As the world begins to recover and heal from the global COVID-19 pandemic, there are growing concerns that long covid might now be the new health issue that plagues the world. Although the recent wave of infections from the omicron variant of SARS-CoV-2, the virus that causes COVID-19 , is ebbing in much of the world, there have been indications that quite a number of people display symptoms that appear weeks after the initial infection has passed – symptoms (long COVID) that can last for months or even years. These symptoms can be debilitating and cause major disruptions in health, work, and quality of life, many patients and clinicians report.
Long Covid is still poorly understood, but it is “sweeping in its volume” of effects, said Dr. Kristin Englund, founder and director of Cleveland Clinic’s post-COVID reCOVer Clinic. Speaking at a recent virtual forum hosted by U.S. News & World Report, Dr. Englund refers to long COVID as the “pandemic after the pandemic.”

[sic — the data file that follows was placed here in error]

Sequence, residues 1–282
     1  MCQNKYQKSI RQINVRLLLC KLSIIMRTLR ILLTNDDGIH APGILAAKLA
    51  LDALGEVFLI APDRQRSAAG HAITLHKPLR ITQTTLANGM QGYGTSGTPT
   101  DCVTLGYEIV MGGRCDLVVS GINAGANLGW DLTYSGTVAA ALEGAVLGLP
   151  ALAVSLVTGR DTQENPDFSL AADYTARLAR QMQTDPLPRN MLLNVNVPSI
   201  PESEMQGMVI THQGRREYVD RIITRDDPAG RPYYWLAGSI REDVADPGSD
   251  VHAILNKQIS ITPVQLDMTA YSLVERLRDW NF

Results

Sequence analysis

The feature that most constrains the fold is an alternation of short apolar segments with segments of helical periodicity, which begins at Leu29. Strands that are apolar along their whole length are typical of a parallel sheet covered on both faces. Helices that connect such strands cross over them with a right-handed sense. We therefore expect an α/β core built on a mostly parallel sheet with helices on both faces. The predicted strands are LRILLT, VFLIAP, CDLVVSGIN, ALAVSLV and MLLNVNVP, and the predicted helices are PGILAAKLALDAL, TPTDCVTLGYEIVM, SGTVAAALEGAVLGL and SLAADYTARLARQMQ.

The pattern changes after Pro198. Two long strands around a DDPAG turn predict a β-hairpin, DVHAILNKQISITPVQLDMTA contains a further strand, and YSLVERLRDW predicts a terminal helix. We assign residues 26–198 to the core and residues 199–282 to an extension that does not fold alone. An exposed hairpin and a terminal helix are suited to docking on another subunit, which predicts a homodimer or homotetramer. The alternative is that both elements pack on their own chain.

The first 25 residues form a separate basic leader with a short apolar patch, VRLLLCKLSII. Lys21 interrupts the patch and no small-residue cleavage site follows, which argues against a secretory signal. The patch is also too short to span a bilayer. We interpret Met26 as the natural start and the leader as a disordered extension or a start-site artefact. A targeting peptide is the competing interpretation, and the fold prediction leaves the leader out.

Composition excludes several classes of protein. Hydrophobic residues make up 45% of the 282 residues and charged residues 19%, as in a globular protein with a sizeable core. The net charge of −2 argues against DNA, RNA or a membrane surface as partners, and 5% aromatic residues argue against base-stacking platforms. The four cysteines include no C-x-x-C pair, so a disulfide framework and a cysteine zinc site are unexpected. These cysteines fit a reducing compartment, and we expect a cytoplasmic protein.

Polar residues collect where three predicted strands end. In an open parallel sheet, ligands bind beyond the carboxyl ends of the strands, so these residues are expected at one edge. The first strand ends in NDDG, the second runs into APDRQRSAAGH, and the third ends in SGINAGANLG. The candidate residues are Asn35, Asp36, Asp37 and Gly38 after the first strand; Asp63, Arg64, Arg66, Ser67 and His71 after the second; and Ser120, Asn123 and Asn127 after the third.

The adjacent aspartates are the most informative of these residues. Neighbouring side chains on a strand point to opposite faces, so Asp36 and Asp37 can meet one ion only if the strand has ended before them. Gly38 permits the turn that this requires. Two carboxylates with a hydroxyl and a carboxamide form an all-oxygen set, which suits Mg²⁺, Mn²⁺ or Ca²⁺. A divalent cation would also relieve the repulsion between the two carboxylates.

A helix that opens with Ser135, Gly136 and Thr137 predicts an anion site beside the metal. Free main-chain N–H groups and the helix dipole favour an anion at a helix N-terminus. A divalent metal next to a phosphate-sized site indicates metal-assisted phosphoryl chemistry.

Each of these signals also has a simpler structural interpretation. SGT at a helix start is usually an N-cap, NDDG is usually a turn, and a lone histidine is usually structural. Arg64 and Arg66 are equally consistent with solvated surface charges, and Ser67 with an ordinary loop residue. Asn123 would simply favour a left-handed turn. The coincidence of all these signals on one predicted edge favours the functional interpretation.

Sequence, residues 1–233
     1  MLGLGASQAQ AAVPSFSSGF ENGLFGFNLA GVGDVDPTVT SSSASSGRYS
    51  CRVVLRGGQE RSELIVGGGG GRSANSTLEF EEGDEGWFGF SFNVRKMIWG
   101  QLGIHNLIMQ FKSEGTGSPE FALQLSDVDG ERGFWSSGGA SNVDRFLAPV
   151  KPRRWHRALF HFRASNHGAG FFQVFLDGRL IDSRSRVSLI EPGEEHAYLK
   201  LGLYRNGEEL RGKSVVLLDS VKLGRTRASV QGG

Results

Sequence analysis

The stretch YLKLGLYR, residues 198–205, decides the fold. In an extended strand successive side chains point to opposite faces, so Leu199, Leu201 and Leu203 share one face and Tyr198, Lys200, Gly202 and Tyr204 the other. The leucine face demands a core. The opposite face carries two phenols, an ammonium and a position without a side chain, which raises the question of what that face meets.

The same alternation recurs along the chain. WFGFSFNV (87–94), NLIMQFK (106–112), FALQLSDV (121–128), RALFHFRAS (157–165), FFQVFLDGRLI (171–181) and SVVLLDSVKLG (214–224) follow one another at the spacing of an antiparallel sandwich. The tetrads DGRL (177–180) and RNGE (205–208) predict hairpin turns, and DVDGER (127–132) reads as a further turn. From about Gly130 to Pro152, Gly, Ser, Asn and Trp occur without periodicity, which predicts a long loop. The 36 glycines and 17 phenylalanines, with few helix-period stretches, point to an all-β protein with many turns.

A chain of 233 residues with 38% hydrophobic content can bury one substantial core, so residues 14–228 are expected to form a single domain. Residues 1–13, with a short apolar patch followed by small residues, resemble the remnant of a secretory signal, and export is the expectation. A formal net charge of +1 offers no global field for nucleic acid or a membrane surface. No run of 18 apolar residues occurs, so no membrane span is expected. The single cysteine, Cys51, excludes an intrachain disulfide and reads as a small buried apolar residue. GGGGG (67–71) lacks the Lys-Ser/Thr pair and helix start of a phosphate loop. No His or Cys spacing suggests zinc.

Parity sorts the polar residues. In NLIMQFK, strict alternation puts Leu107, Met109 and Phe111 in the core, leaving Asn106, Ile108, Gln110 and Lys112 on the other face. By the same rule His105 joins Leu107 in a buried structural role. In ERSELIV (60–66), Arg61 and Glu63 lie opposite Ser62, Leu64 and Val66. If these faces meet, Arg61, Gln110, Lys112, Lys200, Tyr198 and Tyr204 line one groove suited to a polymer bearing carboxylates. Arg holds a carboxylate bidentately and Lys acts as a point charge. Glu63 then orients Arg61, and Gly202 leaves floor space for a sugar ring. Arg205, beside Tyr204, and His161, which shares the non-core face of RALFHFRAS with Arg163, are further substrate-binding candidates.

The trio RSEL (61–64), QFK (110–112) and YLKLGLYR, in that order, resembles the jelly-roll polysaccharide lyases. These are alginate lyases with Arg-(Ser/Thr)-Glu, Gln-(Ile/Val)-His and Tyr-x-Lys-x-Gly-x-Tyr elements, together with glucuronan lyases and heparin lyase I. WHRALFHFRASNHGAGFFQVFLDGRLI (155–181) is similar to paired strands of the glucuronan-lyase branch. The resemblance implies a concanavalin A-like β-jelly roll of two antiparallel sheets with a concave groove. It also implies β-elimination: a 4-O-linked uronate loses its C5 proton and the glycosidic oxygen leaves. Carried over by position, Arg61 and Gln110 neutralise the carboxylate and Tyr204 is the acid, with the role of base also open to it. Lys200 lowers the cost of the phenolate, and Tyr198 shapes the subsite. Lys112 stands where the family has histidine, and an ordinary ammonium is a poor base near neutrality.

Researchers have indicated that patients with long COVID can have symptoms that can involve nearly every organ system. Symptoms of long COVID include profound fatigue, shortness of breath with exertion, joint pain, chest pain, loss of smell or taste, diarrhea, headache, and other issues, such as “brain fog,” memory impairment, insomnia, anxiety, and dizziness.
Data collection is still in its infancy given the newness of the disease and researchers worldwide are still working hard to understand the implications of long COVID.
In the interim, experts are trying to understand who is most at risk for long COVID. Early data suggest women may be more affected than men. The reasons are unclear, but women may be more likely to be affected by autoimmune responses. Older individuals with comorbidities are more at risk to develop severe COVID, which also seems to be linked to long COVID. Similarly, certain racial and ethnic minority groups may be more at risk for COVID and “significantly disproportionately impacted by long COVID in terms of number of cases, hospitalisations, severe disease, etc. Several studies are underway to learn how long COVID affects the body down to the cellular level. The different variants are also being studied to see if they lead to different forms of long COVID
According to experts, being vaccinated is still the best bet for avoiding COVID and the later complication of long COVID. Patients who suspect they may have long COVID should seek professional medical advice as soon possible.